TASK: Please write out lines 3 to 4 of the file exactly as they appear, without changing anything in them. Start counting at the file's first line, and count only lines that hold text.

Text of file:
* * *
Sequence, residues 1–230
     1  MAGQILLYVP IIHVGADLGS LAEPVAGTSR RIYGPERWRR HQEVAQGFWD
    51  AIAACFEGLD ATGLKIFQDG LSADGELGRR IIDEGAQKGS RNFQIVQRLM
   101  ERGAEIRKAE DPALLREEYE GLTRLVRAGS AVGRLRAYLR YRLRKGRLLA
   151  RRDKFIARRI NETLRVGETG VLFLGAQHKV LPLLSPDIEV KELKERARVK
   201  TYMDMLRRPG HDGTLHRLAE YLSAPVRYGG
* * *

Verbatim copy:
    51  AIAACFEGLD ATGLKIFQDG LSADGELGRR IIDEGAQKGS RNFQIVQRLM
   101  ERGAEIRKAE DPALLREEYE GLTRLVRAGS AVGRLRAYLR YRLRKGRLLA